by Stephen Tall on February 22, 2008
Much of the comment Lib Dem Voice has featured on Northern Rock has centred – understandably – on Vince Cable’s sure-footed performance as the party’s shadow chancellor. Vince was, we all know, the first to warn of the impending credit crunch, and the first to advocate temporary nationalisation of Northern Rock as the least worst way to protect the taxpayers’ interest. As a result, we Lib Dems find ourselves in the unusual position of developing a reputation for economic credibility with the media and public.
But it’s just as interesting to analyse how the other two parties are weathering the Northern Rock crisis. The assumption has been made by some that the current economic turmoil will be bad for Labour: they will carry the can, just as the Tories never recovered from the UK’s ejection from the ERM in 1992. David Cameron and George Osbourne were especially virulent at their press conference this week, tainting Alastair Darling as a “dead man walking”, and arguing that Labour was taking Britain back to the 1970s.
The hyperbole was misjudged, as even Conservative Home admits – especially as the Tories have struggled to come up with a coherent alternative to Labour’s messy approach. None of this is likely to affect the Tories’ opinion poll ratings – presumably they’ll reap some benefit of whatever popularity dip the Government suffers – but it does little to convince either opinion formers or the electorate that Messrs Cameron and Osbourne would prove any more competent then Brown and Darling when facing an economic crisis in the future.
So is the Government off the hook? Well, maybe. That’s certainly the spin that’s being put on today’s Economist/YouGov poll, which shows “only” 5% of the public holding Labour most accountable for Northern Rock’s woes. (Though how even 5% can blame Labour ahead of the bank’s reckless management is a complete mystery to me.)
The parallel between Northern Rock and the ERM has often been drawn. In many ways it’s false. Anyone who had either a mortgage or savings was affected by the Major Government’s hiking of interest rates to maintain the value of sterling. Only the employees of and investors with Northern Rock are directly affected by its collapse. Unsurprisingly, then, the Northern Rock debacle has had a much lesser impact on the general public.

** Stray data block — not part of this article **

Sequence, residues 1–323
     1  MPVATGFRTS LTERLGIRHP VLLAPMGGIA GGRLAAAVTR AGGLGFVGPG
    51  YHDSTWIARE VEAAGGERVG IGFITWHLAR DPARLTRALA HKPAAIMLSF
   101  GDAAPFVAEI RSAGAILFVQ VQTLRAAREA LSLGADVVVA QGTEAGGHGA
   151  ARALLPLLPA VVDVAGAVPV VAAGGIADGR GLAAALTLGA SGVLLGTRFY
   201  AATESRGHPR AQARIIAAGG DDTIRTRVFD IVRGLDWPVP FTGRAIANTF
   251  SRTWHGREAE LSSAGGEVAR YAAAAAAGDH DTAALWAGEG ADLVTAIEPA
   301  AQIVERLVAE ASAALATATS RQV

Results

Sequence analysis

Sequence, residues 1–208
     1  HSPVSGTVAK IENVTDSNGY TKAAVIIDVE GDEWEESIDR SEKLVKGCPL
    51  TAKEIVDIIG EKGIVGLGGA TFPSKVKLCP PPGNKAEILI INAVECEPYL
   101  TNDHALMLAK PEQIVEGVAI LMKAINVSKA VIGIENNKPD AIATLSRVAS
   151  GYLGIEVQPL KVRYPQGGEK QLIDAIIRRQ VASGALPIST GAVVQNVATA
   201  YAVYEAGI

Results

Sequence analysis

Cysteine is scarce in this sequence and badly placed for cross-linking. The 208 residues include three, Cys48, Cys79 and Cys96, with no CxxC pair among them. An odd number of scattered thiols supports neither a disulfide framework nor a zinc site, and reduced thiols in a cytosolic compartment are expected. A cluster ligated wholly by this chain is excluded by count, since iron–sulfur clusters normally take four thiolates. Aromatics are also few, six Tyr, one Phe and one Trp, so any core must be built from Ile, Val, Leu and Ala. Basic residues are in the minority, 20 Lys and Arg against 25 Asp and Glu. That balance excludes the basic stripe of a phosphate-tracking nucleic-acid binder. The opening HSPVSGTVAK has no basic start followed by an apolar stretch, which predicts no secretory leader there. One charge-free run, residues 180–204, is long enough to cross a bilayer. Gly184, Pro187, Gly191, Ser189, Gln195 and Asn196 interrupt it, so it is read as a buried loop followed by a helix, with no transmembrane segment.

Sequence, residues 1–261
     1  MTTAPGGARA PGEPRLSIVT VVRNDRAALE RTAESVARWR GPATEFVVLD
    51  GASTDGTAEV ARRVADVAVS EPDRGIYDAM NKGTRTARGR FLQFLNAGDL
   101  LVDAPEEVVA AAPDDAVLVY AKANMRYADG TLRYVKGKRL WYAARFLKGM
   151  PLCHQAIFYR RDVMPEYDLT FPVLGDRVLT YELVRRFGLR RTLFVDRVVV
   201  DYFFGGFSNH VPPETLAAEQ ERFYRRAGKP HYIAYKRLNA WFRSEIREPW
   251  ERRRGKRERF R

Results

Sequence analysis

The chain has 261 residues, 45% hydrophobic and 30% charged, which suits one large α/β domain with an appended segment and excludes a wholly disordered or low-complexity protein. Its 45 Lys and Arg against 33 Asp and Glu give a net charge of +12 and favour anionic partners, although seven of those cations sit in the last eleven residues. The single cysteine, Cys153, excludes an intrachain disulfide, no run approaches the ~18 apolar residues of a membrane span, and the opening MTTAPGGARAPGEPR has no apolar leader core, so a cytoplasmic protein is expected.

But there is one parallel which is, I think, fair. The Tory vote did not collapse immediately after the humiliation of withdrawal from the ERM. The seven polls taken in the month after ‘Black Wednesday’ (16th September, 1992) all showed the Tories’ support between 37% and 39% – behind Labour, who had also advocated ERM membership, but not by much. The Germans and currency speculators reaped much of the blame for sterling’s forced exit, rather than the Government. The Tories’ troubles really started to mount with Michael Heseltine’s bungled pits closure announcement, the Maastricht Treaty saga, the ‘back to basics’ sleaze coverage, VAT on fuel, etc, etc.
Although ‘Black Wednesday’ became the iconic moment when the Tories’ long-held reputation for being trustworthy stewards of the economy evaporated, it was the permanent air of crisis which enveloped the Major administration which ultimately did for it.
Northern Rock will not, on its own, seal Labour’s fate. What will capsize Mr Brown’s premiership is if the poor handling of Northern Rock becomes an emblem of Labour’s wider failings.